Web Theory: An Introduction
Web Theory is a comprehensive and critical introduction to the theories of the internet and the world wide web. Robert Burnett and P. David Marshall examine the key debates which surround internet culture, from issues of globalisation, political economy and regulation, to ideas about communication, identity and aesthetics.
Web Theory explore the shifts in society, culture and the media which have been brought about by the growth of the world wide web. It identifies significant readings, web sites and hypertext archive sources which illustrate the critical discussion about the internet and it mediates these discussions, indicating key positions within each debate and pointing the reader to key texts.
Web Theory includes:
*Chapters showing how specific media have been affected by the internet
*Boxed case studies and examples
*References, an extensive bibliography and a list of web sites
*A glossary of key terms with important words highlighted in the text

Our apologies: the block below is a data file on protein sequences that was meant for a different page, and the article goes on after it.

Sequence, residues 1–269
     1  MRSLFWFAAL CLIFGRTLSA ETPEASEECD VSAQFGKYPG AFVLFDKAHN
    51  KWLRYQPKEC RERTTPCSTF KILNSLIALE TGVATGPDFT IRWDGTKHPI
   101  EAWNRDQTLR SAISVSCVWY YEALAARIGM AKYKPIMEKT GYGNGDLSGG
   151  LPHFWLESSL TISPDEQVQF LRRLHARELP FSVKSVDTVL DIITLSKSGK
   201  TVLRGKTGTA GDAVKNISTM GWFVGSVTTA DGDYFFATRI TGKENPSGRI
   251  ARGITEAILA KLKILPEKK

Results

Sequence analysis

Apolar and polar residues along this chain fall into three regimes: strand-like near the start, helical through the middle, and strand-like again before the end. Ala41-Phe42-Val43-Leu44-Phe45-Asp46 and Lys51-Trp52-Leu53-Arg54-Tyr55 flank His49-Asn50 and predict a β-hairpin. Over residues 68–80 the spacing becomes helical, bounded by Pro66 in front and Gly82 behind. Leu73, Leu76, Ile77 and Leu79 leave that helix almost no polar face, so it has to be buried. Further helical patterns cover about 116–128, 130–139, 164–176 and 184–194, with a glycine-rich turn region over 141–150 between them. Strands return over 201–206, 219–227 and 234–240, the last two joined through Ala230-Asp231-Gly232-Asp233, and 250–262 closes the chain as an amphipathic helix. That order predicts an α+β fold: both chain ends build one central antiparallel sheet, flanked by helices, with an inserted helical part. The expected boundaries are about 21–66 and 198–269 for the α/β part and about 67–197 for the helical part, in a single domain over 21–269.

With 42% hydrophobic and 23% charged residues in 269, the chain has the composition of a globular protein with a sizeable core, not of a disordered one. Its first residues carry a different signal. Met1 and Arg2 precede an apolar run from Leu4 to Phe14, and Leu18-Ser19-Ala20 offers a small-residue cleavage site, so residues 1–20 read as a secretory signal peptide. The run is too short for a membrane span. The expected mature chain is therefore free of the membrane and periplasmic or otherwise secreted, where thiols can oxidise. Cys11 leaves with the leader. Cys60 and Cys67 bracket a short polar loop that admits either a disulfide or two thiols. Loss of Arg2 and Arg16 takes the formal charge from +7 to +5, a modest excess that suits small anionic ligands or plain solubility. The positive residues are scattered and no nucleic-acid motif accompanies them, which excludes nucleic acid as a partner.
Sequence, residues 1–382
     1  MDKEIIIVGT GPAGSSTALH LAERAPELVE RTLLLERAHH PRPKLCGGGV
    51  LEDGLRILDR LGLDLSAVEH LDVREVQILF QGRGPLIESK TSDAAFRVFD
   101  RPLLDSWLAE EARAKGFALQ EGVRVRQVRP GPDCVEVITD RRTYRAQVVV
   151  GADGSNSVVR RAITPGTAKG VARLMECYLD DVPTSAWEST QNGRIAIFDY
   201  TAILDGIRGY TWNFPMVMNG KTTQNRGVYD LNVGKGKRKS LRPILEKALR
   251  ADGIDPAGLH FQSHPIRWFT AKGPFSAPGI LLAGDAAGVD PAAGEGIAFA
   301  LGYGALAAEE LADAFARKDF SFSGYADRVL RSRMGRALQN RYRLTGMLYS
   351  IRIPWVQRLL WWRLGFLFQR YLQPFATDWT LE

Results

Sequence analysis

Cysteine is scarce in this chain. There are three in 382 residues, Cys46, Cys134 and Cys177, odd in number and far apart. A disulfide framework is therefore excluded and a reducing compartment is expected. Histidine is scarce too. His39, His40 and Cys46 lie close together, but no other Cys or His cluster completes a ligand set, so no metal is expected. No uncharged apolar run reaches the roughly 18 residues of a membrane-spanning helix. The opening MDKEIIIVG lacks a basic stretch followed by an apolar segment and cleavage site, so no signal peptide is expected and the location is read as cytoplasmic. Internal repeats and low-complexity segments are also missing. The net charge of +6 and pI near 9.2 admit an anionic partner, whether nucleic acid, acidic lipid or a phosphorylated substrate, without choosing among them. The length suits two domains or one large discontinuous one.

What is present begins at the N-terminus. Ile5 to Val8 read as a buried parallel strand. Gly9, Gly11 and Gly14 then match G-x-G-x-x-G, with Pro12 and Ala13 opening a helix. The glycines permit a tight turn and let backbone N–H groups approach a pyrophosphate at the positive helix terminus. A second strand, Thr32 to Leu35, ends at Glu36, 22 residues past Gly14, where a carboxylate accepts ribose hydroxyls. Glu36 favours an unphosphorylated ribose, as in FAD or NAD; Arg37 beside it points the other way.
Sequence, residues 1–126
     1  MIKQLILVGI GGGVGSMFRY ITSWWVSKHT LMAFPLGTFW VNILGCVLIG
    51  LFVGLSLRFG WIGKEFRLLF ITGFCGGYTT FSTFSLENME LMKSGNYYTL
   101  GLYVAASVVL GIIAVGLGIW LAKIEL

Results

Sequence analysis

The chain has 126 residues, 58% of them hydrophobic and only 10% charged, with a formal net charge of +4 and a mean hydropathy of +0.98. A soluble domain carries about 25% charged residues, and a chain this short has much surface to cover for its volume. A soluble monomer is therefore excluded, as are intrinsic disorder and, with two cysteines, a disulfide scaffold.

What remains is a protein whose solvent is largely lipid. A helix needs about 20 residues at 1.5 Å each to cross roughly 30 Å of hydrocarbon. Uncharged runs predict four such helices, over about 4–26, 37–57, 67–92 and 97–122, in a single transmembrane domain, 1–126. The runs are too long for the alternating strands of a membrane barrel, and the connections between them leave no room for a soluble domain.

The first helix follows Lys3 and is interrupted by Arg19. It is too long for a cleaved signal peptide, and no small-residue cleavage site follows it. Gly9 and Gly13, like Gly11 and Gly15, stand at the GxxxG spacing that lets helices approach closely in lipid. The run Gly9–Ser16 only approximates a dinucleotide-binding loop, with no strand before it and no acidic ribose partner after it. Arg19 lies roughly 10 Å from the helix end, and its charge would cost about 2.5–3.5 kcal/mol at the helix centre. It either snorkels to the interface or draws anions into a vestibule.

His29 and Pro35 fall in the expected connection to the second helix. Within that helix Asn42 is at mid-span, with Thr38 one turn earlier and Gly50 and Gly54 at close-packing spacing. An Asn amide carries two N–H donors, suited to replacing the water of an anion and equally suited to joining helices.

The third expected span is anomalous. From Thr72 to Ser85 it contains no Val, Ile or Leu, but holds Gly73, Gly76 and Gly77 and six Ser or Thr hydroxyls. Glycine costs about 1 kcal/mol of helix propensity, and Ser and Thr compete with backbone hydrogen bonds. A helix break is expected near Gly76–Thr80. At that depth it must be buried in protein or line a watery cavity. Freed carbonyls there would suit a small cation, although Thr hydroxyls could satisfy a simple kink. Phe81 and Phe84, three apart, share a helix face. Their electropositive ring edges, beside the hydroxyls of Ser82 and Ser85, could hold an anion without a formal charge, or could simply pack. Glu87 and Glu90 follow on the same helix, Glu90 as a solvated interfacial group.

*A Web Theory timeline which details important events
*A comprehensive and regularly updated website at www.webtheory.nu with inks and support material
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active advertising ARPAnet artists audience become broadcast browser cent Chapter commercial communication companies concept connection consumer contemporary corporations cyberculture cybernetic cyberspace deﬁned deﬁnition delivery developed difﬁcult distribution dominant e-mail economy electronic emergence emoticons entertainment exchange fans ﬁle ﬁlm ﬁnd ﬁrms ﬁrst global graphic graphic user interface groups hypertext identiﬁed identity information technology integrated intellectual property interaction interest Internet Internet Service Providers interpersonal listserv major mass media McLuhan media forms medium Metallica metaphors moving multimedia music industry Napster NASDAQ network society newsgroups newspapers one’s particular patterns personal computers political presentation produce programme radio relationship screen search engines sender server shift signiﬁcant social sources speciﬁc structure surﬁng technological determinism television tion trafﬁc transformation Usenet user’s virtual Web’s World Wide World Wide Web Yahoo